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blogging and particular kinds of friends

There's an interesting discussion of sorts around on-line and real relationships. Kester Brewin has blogged here and here on facebook. Jonny Baker has talked about facebook oppression. Brodie writes about information overload. Andrew Jones is currently unblogging. This has all got me thinking about why I blog?

Brodie in response to Fernando comments that the reason he began blogging was 'to actually converse, but to converse outwith our normal narrow frame of associates. So for me, while I also at times tire of both reading and writing, I want to stick at it because....well those who comment and those whose blogs I read have become friends, albeit a particular kind of friend.' This resonates with why I blog. Blogging has introduced me to many people in different places - other baptists (many of the best being scots), others interested in theology (I like the way people share theology), others interested in emerging church and worship (blogging has given me idea after idea - HT especially to Jonny and Steve). These people are particular kinds of friends, we don't share life in all its complexity, but we do share a common interest or purpose. Blogging has been a great way to network. Some of these on-line friendships will remain on-line, others have already become face-to-face and this is where conferences and greenbelt make these things happen.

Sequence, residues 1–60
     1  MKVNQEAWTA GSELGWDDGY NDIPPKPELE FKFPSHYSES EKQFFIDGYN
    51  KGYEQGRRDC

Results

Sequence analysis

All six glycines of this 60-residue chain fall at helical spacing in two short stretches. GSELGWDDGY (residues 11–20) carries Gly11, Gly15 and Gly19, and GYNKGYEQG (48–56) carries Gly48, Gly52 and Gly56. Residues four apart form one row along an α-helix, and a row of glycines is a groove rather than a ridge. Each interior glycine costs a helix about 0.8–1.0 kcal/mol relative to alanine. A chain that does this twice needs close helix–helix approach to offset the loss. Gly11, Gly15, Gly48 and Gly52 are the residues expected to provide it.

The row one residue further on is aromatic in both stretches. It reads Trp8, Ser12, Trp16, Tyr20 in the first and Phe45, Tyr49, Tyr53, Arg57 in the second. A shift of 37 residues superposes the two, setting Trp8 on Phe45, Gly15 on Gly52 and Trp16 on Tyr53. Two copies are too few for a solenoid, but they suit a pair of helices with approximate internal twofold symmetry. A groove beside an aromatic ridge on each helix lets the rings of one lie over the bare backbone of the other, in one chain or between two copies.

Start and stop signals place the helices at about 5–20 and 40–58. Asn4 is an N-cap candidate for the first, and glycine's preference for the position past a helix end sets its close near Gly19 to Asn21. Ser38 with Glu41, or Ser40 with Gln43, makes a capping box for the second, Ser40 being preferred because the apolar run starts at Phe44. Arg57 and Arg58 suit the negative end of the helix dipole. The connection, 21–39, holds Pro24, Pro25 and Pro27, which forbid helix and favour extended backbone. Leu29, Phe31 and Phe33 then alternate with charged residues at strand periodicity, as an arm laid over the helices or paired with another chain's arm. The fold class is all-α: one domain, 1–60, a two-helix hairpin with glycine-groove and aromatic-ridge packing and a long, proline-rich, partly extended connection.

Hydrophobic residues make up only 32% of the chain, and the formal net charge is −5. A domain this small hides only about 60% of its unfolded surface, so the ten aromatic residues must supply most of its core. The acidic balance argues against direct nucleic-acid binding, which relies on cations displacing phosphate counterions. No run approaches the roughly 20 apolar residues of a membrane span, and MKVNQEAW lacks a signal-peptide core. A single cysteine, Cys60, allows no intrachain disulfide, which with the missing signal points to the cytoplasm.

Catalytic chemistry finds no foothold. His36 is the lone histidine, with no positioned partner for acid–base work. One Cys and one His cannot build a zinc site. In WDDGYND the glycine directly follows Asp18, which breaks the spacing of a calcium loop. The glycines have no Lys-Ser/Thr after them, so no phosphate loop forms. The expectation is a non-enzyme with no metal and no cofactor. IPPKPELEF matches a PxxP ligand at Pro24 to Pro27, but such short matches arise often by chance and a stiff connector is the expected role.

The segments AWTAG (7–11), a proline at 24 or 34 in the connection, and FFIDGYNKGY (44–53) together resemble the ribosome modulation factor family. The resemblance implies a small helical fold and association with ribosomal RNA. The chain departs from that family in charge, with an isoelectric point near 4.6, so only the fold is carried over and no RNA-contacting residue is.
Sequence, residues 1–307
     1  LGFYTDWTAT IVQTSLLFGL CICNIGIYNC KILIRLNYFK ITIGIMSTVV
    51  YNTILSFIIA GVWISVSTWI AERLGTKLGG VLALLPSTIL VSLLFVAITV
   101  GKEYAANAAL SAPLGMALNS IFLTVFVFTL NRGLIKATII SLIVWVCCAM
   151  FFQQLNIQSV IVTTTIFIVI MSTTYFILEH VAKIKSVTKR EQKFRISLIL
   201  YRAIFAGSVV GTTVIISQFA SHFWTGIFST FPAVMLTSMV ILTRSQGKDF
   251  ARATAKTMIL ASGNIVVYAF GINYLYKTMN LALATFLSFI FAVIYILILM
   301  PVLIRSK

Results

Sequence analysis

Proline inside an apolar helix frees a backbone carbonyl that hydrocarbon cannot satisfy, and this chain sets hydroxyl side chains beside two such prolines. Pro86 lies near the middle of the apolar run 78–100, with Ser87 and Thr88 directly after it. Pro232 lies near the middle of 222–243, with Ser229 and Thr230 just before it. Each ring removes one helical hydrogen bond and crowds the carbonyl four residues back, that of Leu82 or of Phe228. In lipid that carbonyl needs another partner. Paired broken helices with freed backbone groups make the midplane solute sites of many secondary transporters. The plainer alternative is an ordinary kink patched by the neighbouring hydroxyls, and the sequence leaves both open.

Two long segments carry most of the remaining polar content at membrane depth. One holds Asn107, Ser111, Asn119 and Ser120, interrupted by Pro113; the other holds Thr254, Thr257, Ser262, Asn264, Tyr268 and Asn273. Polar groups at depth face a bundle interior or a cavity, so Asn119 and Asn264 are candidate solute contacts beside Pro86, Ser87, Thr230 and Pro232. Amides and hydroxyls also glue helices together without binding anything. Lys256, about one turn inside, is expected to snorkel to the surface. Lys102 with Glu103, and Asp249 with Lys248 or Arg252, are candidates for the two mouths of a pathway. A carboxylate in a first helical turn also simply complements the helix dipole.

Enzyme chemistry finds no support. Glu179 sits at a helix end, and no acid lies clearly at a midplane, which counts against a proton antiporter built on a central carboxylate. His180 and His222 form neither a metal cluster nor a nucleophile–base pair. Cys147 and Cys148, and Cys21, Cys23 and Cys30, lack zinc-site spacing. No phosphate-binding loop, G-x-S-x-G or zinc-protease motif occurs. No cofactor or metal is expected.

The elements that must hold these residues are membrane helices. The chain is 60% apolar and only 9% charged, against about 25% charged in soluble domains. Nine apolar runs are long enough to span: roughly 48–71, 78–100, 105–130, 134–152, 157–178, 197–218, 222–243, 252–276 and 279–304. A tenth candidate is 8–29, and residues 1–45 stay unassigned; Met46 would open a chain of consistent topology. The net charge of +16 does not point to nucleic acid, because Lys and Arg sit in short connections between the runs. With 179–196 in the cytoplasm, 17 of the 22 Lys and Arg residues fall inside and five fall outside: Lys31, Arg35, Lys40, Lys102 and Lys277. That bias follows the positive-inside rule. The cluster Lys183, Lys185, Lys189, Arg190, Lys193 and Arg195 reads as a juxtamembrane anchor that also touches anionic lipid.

I guess my blog itself  has been changing over the last few months. There's a lot more stuff on books and shift towards more theology. I'm trying in different ways to be a place for theology news and a resource (so all the new pages). As I spend the next few years at Regent's, I plan to blog a little of my journey. In many ways my blog is a record for myself - I blog something for future reference.  I think like others who blog regularly I will continue to carve out the time to read and write, because there's always a new blog (I think this year of Jim Gordon's Living Wittily) or an older blog like Mark Goodacre's NT blog or Maggi Dawn)  worth reading.

I've actually found it sad when some blogs closed down - I think of Richard Sudsworth's sudslaw and also hopeful amphibian and possibly Chris Erdmans's odyssey, all of which helped me think about a whole range of issues.



Good post - and I'm glad you intend to keep on blogging.

I think we all go through various phases with it - novelty, boredom, change of emphases etc, etc.

Like you, I feel that through this cyberworld I have made some new 'friends' - even if in real life we might never meet or get on.

I have shared ideas and laughter with so many people, and even been lent a real live book by post by someone I met in blog land.

Two years in, I blog for myself more than for any particular audience. Some readers are real life friends, others I shall never know becuase less than 0.1% ever leave comments.

Keep on blogging - and I'll keep on visiting. Oh yes, and enjoy Oxford.

simon jones

Like Catriona, I think i blog for myself; I blog to clear my head and think out loud in a safe place - most of the people dropping by are likely to think similar thoughts or offer helpful and well-meant suggestions as to why a different line of thought might be useful. I also know I've got froends out there I've never met but who i'd probably get on with if I did. And I enjoy blogging; it has a therapeutic quality about it - possibly because I know a train of thought is not going to be interrupted by anyone as it might be if you were sharing it at a church meeting or down the pub. Soi i'm glad you're continuing to blog - because I like your style.

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